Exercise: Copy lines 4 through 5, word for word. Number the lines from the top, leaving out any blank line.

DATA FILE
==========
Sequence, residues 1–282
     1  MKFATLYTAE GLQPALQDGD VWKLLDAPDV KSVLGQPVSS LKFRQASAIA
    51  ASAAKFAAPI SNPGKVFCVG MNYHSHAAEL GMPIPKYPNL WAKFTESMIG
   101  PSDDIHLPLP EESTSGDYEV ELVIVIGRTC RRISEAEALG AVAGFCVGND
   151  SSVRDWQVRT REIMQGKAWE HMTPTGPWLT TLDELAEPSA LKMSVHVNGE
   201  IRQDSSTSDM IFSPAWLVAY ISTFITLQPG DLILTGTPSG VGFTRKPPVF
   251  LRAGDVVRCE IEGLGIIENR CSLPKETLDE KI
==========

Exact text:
   101  PSDDIHLPLP EESTSGDYEV ELVIVIGRTC RRISEAEALG AVAGFCVGND
   151  SSVRDWQVRT REIMQGKAWE HMTPTGPWLT TLDELAEPSA LKMSVHVNGE